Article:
The online news source for Prince George High School.



Virtual Teachers Told To Return To PGHS

The ultrastructural morphology exhibited by the 2019 Novel Coronavirus (2019-nCoV), which was identified as the cause of an outbreak of respiratory illness first detected in Wuhan, China, is seen in an illustration released by the Centers for Disease Control and Prevention (CDC) in Atlanta, Georgia, U.S. January 29, 2020. Alissa Eckert, MS; Dan Higgins, MAM/CDC/Handout via REUTERS.

Virtual teachers have been told to come back into the building due to lack of staff. As of Thursday, February 4th, 2021, at least 20 teachers were out due to health reasons, mostly related to COVID-19 or close-contact quarantining. 

An outbreak occurred this week, which coincided with the arrival of more in-person students to the building. This week also saw the entire varsity boys basketball team being quarantined for the second time this season.

The email sent to parents on Monday, February 1st, stated, “Prince George County Public Schools has been notified by the Virginia Department of Health of an outbreak at Prince George High School. VDH defines an outbreak as two or more positive cases of COVID-19 being identified from exposure within a particular school setting, such as a classroom or other common indoor space.” 

AP U.S. History Teacher, Cynthia Hasley, is one of the virtual teachers who has been teaching from home due to health reasons. She is devastated that she won’t be able to return to teach, due to her health conditions. 

“I had to make a decision as to whether I would come in-person to continue teaching, or I would have to go on medical leave. I have always been passionate, or as Mr. Havard said, ‘intense about my teaching and my students.’  You students are ‘my’ kids for 10 months and I feel like a mama bear. Truly, it was a tearful decision, but I am 66 and have several comorbidities and though I have always put my students first, this time I have to put my health first.  I can’t wait to get my vaccinations and I will be the first one back at school as soon as that happens.  In the meantime, I have to hand my classes over to a substitute starting Wednesday.” Hasley said.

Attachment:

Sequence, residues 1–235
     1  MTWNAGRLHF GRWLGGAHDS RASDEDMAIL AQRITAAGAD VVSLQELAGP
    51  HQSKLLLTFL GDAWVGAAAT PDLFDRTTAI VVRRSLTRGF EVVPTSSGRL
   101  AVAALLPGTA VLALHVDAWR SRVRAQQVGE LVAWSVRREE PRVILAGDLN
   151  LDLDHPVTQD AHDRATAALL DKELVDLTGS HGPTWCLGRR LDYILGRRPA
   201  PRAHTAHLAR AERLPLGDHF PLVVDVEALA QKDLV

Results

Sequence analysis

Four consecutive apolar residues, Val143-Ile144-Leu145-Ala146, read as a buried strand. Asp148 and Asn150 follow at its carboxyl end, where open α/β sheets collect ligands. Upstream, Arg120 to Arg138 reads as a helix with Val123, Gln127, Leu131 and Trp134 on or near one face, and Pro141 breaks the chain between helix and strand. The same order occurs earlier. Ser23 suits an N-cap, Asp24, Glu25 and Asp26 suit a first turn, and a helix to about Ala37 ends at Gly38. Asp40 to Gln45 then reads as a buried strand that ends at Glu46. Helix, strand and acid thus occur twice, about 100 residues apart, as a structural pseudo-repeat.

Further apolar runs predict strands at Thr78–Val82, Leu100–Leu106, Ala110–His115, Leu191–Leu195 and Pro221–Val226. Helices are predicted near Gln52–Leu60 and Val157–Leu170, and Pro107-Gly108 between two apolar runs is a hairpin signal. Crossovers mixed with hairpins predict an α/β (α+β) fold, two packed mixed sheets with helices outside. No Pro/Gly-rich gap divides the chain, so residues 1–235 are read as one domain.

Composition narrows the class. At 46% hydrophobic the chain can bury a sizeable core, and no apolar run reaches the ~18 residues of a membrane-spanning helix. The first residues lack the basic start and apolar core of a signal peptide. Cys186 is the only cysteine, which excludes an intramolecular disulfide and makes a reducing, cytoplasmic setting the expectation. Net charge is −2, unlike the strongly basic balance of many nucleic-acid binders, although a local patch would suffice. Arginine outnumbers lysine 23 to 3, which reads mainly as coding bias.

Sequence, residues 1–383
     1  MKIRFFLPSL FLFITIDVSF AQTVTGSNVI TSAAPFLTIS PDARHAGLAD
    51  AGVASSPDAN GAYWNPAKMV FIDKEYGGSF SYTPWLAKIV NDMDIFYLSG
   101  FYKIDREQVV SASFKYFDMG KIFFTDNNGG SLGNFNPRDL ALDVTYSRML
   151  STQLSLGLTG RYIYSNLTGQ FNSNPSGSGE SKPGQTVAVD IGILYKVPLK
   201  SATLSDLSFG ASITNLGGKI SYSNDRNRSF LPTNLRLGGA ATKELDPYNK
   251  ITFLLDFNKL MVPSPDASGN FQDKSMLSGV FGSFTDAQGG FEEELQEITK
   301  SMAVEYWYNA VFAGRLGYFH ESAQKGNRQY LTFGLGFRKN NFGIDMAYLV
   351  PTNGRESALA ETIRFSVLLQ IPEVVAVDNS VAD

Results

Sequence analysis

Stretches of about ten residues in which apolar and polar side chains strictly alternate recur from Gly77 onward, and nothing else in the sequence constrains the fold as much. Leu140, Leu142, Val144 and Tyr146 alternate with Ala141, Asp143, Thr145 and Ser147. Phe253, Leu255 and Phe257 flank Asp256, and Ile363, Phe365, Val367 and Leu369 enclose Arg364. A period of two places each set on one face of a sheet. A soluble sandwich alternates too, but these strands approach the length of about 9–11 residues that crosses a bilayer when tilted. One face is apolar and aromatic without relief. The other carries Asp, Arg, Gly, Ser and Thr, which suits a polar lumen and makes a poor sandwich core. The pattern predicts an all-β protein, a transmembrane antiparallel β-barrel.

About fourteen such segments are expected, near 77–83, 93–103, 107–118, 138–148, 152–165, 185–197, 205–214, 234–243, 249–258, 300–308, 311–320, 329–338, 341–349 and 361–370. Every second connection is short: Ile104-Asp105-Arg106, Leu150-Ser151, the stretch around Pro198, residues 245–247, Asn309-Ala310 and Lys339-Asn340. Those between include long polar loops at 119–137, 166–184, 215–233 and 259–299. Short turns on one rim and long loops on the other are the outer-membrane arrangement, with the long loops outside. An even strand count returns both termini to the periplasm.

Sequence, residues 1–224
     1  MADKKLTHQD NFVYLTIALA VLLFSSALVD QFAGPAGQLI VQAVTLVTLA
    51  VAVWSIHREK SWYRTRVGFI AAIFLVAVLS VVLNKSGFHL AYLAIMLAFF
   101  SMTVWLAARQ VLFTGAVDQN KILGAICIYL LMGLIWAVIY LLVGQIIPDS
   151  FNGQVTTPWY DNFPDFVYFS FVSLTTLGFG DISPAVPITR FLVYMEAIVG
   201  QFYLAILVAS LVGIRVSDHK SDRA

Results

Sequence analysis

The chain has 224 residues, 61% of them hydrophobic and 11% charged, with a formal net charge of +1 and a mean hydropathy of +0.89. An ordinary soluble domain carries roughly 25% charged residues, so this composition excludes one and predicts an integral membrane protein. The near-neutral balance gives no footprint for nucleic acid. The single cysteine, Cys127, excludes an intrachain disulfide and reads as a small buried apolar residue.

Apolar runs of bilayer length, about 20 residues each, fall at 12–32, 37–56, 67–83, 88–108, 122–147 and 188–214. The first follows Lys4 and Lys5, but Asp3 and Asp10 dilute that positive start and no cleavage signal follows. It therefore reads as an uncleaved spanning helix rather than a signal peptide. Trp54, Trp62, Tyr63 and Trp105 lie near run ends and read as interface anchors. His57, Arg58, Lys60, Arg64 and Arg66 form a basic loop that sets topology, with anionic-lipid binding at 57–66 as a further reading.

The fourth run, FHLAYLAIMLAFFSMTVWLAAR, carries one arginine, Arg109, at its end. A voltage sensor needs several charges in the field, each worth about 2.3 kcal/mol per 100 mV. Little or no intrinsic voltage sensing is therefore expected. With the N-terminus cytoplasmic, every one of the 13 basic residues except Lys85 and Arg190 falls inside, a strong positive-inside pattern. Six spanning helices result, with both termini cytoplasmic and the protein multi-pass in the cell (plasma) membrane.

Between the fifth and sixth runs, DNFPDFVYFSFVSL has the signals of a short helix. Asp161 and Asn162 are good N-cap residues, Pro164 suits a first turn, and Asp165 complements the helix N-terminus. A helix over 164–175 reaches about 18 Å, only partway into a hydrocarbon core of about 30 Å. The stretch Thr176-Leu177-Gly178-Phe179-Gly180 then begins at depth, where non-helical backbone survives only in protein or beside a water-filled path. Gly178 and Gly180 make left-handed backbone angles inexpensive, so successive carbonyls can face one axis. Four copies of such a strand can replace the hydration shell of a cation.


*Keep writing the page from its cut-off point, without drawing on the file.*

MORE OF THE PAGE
Hasley plans to return to school after she receives her COVID-19 vaccination.

“I want to return, just not before I am vaccinated. The governor today said he is making March 15th, 2021 the goal date for in-person. I will have both shots by then,” Hasley said.

Currently the surrounding high schools in virtual learning are Hopewell and Petersburg. Colonial Heights returned to in-person after a period of virtual-only that lasted over a month while their outbreak was controlled. Dinwiddie started back this month after teaching students virtually for January. Prince George County Schools is the only system that hasn’t adjusted for the spike in Covid-19 cases, but rather increased the number of in-person students.

Today, Governor Northam requested that all schools in Virginia develop some form of in-person instruction plan by March 15th, 2021. According to Northam, this is a primary issue for Virginia because schools in our biggest counties haven’t opened their doors to students, which could lead to more educational gaps and psychological problems in our state.

As far as protecting teachers against the virus, Northam stated that by March 15th teachers should be vaccinated due to them being including in the “1b” vaccination group.

When asked by a reporter today what should schools do who are facing a teacher shortage due to the COVID-19 cases and teachers who are quarantining, Dr. James F. Lane, Superintendent of Public Instruction reassured listeners that long-term substitutes are now allowed to be in place for the duration of the school year.

Post Updated 2/8: Hasley will be using sick days instead of going on medical leave.

More to Discover